U.K. Wheat Crops Seen Behind Schedule as Pigeons Damage Rapeseed

Wheat crop development in the U.K., Europe’s third-biggest grower, is running behind the normal pace after wet, cold weather in recent months, while rapeseed fields are facing damage from pigeons, the Agriculture & Horticulture Development Board said.

Wheat crop quality is variable, with 5 percent of planted area in “very poor” condition, according to the report distributed today by the Kenilworth, England-based AHDB and compiled with consultant ADAS U.K. Only about 2 percent of wheat crops have developed into the stem elongation stage that would have been reached by 25 percent to 40 percent of plants in a normal year. The U.K. had its second-wettest year on record last year, according to the Met Office.

Twenty percent of planned winter rapeseed crops weren’t planted or failed during the winter because of soggy conditions, with another 10 percent still “of questionable viability,” according to today’s report. Crops are behind the normal growth pace, with plants developing buds or just starting to flower.

“The cold air and soil temperatures in early April slowed crop growth,” the AHDB said. Development “was already later than normal due to the generally later drilling and continually wet soils over winter.”

Drier conditions and higher temperatures during the second half of April allowed spring planting to accelerate, with 85 percent to 90 percent of crops sown by now, according to the report. Almost 10 percent of the total wheat area in the U.K. this year is spring wheat or winter varieties that were planted during spring. Scotland still has to plant about 25 percent of its spring barley area, the AHDB said.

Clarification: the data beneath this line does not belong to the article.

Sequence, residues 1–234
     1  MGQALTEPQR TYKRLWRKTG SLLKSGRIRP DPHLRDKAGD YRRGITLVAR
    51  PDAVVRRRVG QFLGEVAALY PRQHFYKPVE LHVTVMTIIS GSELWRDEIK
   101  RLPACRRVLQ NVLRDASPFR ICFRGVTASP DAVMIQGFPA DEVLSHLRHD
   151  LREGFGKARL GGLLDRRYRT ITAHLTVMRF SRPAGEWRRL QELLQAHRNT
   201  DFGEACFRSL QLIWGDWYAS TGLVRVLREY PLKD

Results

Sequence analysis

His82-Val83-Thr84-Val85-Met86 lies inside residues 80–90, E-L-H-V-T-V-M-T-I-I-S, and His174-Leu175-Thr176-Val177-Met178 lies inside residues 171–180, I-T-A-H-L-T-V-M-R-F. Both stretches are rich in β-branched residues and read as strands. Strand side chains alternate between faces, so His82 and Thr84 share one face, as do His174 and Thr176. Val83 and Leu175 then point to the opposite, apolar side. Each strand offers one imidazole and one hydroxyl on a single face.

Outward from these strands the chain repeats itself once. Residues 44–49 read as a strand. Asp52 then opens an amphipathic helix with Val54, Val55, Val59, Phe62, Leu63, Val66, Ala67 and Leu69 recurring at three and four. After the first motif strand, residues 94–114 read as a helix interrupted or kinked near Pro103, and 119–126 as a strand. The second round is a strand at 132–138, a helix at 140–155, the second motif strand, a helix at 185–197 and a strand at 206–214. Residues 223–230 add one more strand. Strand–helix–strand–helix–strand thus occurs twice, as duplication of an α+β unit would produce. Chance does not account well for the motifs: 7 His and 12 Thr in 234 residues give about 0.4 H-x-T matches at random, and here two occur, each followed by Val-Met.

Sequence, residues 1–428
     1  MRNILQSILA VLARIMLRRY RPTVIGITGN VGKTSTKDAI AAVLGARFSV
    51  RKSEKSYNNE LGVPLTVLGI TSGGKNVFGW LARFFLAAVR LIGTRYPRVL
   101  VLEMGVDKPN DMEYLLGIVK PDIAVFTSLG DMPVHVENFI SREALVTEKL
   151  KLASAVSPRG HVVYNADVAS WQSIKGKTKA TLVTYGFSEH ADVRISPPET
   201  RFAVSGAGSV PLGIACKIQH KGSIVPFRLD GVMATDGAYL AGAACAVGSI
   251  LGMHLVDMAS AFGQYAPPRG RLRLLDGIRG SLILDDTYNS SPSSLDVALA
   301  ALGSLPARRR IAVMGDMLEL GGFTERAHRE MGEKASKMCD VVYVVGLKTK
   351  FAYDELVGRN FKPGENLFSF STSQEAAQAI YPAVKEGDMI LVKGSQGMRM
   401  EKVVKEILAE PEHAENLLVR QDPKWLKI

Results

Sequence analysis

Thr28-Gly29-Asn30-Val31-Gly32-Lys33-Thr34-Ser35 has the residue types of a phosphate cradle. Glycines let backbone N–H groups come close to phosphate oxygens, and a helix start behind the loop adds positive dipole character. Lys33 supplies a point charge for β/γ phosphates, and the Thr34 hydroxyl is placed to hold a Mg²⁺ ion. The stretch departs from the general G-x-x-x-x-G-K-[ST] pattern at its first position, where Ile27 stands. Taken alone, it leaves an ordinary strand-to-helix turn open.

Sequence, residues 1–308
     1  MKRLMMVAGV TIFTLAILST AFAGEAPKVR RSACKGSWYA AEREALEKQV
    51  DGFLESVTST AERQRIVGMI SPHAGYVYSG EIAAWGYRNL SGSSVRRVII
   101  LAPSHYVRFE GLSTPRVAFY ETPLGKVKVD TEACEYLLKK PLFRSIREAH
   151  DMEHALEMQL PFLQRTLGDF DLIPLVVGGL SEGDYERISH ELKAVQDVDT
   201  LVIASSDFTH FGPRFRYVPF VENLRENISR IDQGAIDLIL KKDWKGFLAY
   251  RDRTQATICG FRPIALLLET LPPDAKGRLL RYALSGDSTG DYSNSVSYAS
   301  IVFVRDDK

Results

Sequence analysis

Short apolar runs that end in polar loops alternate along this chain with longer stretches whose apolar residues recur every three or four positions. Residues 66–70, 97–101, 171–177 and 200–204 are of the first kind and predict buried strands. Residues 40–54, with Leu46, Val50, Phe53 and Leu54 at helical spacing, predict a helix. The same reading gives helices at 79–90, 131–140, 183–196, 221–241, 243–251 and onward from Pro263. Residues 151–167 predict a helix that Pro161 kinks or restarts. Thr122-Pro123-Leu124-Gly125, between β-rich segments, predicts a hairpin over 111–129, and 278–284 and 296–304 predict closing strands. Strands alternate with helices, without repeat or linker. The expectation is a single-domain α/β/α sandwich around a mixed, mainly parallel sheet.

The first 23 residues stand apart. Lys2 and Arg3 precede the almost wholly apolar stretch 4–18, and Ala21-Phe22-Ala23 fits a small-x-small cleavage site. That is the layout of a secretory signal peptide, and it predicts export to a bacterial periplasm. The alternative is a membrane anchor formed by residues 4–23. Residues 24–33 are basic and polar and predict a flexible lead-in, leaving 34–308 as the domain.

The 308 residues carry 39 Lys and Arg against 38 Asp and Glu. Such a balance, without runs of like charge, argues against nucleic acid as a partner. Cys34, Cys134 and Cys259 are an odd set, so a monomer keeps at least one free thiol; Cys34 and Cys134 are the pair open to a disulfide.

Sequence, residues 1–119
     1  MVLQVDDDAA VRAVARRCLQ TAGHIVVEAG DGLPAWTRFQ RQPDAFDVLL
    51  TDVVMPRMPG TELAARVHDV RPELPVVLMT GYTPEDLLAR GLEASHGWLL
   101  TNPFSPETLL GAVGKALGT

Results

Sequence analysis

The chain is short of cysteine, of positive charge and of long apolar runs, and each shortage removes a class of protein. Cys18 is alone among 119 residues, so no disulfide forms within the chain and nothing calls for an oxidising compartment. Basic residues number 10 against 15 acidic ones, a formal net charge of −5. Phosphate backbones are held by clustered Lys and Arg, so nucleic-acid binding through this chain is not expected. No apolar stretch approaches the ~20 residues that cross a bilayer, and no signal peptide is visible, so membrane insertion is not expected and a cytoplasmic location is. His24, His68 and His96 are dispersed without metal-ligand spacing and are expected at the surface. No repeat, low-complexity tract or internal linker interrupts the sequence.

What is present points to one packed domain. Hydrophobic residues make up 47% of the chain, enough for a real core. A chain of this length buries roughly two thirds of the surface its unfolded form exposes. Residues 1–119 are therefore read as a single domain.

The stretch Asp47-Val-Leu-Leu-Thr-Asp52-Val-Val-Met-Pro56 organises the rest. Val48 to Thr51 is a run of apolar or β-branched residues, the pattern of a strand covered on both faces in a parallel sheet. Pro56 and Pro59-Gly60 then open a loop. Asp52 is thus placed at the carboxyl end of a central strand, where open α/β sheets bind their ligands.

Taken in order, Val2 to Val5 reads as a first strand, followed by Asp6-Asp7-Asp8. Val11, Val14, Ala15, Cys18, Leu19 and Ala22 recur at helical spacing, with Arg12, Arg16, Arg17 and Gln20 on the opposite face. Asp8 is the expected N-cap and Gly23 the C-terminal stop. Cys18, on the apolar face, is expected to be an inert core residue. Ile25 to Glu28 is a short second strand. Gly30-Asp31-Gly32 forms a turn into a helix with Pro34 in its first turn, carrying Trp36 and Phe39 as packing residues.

Weeds, Slugs

Pest and disease levels for wheat crops are mostly low, the AHDB said. Rapeseed crops are at risk of diseases including phoma and light leaf spot as wet conditions prevented farmers from applying some fungicides. Weeds, slugs and pigeons also are threatening oilseed crops, according to the report.

“Pigeon numbers have continued to increase over the last month with grazing a widespread problem” for rapeseed, the AHDB said. “Even some of the larger early drilled crops are sustaining damage and some of the small crops have little green leaf area left.”

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